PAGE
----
Supporting My Lighthouse Student

The Lighthouse School is a unique learning environment in which it may take time for some kids to adjust as they move toward becoming an autonomous and self-directed learner.

How can I support my student in the Lighthouse School?

Here are some ways you can support your student as they navigate this process: 

1. Allow your student time to adjust to the new environment. For younger students this could possibly be as long as two years. Keep in mind they are likely working two or more years ahead of their age peers so it is unlikely they will fall behind even if they have a day when they are not producing tangible work. Remember that non-academic learning, such as organizational and social skills, is also essential learning for students.

2. Pack healthy snacks and a water bottle to keep up the energy level throughout the day.

3. Have regular discussions about their school day. Let your student lead the conversation and resist the urge to turn it into a “daily interrogation.”

4. Help your student to structure his/her evenings to allow time to play and rest, and/or participate in extracurricular activities. Remember, we do not assign homework. Most work should be completed during the school day if students are using their time wisely. 

5. If your student is participating in an academic team competition, offer to help coach the team and be alert for notices about your student’s responsibilities toward the team’s goals.

6. Work on age-appropriate goal setting with your student.

7. Remind your student to set up a time to meet with his/her advisor to discuss his/her weekly plan.

Lighthouse student preparing meals


8. Support your student’s efforts towards progress. Celebrate and reward milestones (i.e. completing a math level or finishing a book report).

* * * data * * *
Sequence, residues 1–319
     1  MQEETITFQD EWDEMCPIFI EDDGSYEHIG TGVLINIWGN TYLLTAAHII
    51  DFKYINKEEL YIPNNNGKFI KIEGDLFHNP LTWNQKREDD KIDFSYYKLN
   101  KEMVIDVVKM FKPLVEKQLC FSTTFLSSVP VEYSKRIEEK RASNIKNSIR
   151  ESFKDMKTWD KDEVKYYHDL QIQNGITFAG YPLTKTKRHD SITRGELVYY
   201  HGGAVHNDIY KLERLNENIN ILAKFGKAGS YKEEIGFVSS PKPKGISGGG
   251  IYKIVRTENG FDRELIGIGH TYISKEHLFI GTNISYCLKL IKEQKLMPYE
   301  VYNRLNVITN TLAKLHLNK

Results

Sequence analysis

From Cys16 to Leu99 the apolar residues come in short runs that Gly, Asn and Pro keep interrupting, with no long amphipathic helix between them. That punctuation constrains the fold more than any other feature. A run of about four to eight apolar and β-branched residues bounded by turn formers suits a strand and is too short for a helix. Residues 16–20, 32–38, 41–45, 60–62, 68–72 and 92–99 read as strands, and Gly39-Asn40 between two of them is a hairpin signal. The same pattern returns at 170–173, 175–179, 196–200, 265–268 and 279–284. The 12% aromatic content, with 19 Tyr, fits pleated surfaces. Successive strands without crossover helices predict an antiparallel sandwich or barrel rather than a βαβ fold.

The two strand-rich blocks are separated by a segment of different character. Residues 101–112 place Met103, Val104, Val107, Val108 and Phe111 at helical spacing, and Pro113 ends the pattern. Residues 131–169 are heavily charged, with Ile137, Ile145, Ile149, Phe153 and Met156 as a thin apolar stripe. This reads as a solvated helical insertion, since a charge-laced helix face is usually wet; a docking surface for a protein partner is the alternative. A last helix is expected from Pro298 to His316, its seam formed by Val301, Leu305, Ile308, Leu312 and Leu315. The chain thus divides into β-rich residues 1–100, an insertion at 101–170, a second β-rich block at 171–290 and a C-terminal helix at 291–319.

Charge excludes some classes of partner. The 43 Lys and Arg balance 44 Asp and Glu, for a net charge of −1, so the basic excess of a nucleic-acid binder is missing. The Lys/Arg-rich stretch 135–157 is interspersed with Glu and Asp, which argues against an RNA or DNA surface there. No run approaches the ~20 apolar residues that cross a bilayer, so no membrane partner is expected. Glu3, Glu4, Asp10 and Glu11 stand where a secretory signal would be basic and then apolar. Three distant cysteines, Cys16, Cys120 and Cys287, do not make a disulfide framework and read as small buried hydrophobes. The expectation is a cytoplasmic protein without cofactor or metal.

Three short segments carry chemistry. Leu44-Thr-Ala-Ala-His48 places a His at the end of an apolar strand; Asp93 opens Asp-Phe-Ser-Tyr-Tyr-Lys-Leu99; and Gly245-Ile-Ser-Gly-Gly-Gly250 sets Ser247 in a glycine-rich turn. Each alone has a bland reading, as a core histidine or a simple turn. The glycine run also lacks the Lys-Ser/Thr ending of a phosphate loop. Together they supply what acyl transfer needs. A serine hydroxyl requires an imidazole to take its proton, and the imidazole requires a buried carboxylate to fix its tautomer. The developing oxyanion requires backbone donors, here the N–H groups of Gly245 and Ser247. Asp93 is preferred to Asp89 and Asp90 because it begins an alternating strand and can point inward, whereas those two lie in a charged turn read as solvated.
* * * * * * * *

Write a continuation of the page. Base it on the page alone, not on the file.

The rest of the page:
9. Be flexible about student progress. It could be that more challenging lessons require more time to complete. Or perhaps a unique learning opportunity utilized much of the work block time (i.e. artist in residence, guest speaker, and inquiry project presentation). Also consider that some students do not recover quickly from the excitement of a fire drill or the stress of standardized testing affecting their ability to resume focus on their work.


10. If you have concern about your student’s progress, speak to your student’s advisor for more insight and/or ways to help motivate your student.

11. If your student has concerns, encourage him/her to seek support from one of the teacher-facilitators or bring it up in the next meeting with his/her advisor.


12. Remember that your student’s interests belong to him/her. You can offer support through classes, books, etc., but it is helpful to remember that some interests and passions are short-lived. It almost always takes running through several (maybe hundreds of) different interests to find real passions.

13. Share your expertise with the school through coaching an academic competition team, doing a group presentation, leading a learning experience, or being available as a mentor.

14. Talk with other parents. You will be pleasantly surprised by the ideas and resources other parents can offer. Join the PTO.